(SPOT.ph) Spy films have taken on many iterations over the years—the unmistakable introduction of James Bond, Ethan Hunt from Mission: Impossible, and the dapper Eggsy in Kingsman: The Secret Service. Each has its own nuances and defining qualities, but at their core, almost all male spies have an arsenal of useful gadgets and flashy suits, which seem to go along well with a life of secrecy with no hitch. Enter the “world’s most awesome spy,” Lance Sterling, voiced by Will Smith, aided by the eccentric Walter Beckett, voiced by Tom Holland. He’s just like every other spy (although he might argue he’s the coolest), except...he’s a pigeon.
Let’s dial back. Secret agent Lance Sterling (yes, people say his name in full, for effect) does the impossible on his own, and is adamant on flying solo no matter how high stakes or dangerous the mission. It’s machismo all around—a deep voice, defined pecs, slick moves, even slicker words—but it’s not meant to turn you off in anyway. He’s fond of tooting his own horn, and with a track record like that, the hype is justifiable. He’s all frills with the theatrics, but none at all when it comes to getting his job done. The guy is a hotshot, and it’s not really the best match with young scientist Walter Beckett, who many have called weird.
And weird is a good way to describe this movie, and it’s the perfect preface to telling you how a pigeon becomes the star of this animated spy film. In the middle of an important mission to retrieve a weapon of mass destruction from an arms dealer, one of Lance’s trusty gadgets explodes in a flurry of glitter, which he knows to be the work of you scientist Walter Beckett. After getting the briefcase, he makes a detour to the kid’s cramped space in the agency and promptly fires him on the spot, and expresses his disagreement with Walter’s philosophy of getting stuff done and doing what’s right without hurting anyone.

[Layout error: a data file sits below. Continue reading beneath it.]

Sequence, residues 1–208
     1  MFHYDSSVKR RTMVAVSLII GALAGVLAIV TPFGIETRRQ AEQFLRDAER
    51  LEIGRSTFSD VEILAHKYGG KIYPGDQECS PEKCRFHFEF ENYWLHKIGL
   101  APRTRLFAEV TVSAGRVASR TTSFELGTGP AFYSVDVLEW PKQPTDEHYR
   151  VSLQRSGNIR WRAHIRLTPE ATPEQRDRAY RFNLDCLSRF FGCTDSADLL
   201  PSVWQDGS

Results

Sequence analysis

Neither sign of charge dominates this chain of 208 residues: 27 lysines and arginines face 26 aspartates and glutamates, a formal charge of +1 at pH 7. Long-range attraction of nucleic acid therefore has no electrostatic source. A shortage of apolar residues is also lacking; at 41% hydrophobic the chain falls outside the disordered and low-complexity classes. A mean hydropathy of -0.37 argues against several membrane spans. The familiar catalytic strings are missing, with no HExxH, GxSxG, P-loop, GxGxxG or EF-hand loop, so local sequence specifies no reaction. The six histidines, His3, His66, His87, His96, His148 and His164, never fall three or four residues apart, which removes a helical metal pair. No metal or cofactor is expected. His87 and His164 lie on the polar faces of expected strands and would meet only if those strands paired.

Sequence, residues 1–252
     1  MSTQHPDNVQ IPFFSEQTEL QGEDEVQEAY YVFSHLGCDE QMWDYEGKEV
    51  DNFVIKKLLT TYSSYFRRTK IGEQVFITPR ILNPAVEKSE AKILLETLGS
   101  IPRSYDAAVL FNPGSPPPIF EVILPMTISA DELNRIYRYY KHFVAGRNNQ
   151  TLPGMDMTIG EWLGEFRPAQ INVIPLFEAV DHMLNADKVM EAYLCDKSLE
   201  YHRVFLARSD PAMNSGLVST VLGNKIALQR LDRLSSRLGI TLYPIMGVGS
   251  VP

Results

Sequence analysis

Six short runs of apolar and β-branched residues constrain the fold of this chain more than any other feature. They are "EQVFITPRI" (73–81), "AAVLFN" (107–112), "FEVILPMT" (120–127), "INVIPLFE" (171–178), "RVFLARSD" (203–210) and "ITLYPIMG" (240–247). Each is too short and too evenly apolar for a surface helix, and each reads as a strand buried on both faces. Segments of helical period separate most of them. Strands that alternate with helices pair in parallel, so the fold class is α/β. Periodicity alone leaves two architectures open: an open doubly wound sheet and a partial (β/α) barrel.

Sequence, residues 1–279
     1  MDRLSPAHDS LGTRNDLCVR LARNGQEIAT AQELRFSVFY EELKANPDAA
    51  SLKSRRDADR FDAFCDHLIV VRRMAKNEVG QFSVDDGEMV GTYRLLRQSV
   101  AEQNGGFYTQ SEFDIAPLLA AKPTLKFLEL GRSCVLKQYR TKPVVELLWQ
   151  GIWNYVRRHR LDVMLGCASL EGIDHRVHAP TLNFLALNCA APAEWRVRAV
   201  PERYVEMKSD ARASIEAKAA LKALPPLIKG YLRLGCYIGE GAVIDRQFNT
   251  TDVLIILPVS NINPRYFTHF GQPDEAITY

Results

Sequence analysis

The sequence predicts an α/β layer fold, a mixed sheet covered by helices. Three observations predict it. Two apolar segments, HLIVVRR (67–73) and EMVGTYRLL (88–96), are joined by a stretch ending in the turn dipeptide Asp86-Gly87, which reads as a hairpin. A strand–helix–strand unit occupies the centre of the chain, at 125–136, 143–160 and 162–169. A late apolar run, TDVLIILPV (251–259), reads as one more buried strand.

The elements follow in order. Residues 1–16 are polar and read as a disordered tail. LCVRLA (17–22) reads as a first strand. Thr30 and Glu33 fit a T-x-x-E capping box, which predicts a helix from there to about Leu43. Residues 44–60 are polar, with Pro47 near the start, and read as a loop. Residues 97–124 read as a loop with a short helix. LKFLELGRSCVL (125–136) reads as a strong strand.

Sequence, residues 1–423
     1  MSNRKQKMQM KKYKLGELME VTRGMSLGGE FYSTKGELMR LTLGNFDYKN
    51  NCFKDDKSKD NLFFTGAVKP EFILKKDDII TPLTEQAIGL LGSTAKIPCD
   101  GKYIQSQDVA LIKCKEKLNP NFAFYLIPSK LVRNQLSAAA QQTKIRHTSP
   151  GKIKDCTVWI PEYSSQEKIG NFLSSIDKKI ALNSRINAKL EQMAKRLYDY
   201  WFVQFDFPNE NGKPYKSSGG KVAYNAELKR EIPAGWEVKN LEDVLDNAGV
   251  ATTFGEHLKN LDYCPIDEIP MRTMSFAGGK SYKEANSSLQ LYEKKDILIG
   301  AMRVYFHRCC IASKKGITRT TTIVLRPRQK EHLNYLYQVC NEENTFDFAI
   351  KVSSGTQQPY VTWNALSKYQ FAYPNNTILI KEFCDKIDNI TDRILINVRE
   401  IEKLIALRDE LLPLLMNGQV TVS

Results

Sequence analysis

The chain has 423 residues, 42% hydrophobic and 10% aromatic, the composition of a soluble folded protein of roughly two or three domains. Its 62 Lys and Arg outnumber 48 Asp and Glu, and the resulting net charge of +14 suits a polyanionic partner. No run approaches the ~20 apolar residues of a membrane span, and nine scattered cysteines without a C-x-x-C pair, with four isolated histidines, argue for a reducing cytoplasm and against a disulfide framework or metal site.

After his little detour, he returns to his boss, except the briefcase turns up empty, and security forces agent Marcy Kappel (Rashida Jones), along with communications specialist Ears (DJ Khaled) and spectral analyst Eyes (Karen Gillan) think Lance is guilty of using the weapon for himself. A lot of it doesn’t add up, and as Lance escapes from the agency without a plan to prove his innocence, all he remembers is Walter babbling on about “biodynamic concealment.”
Once he arrives at the kid’s house, all it takes is a gulp of a clear liquid he mistakes to be water, but is actually the compound that turns him into you guessed it, a pigeon. No, we are not making this up. Yes, he is actually a pigeon. All that explaining was done just to tell you that he is now, in fact, a pigeon. Because when everyone’s looking for a human, no one will stop and think the bird is the spy.
You might be forgetting that this is an animated movie, or perhaps you’re sobered up and reminded that this is an animated flick. Because how else would a human turn into a pigeon with eyebrows on fleek? That aside, it is easy to forget that Spies In Disguise is not entirely real, and it’s all thanks to the brilliant graphics and the beautiful lighting done to make the characters, and scenes come to life. One look at the skylines and landscapes will convince you it’s shot with a drone, and it’s proof of how far animation has come. You could hold up a postcard of New York side by side with a frame of this film and an actual photo just can’t seem to live up to the graphics of this film. Everything also flows seamlessly into one another, making for realistic animation that is exaggerated at the just the right parts.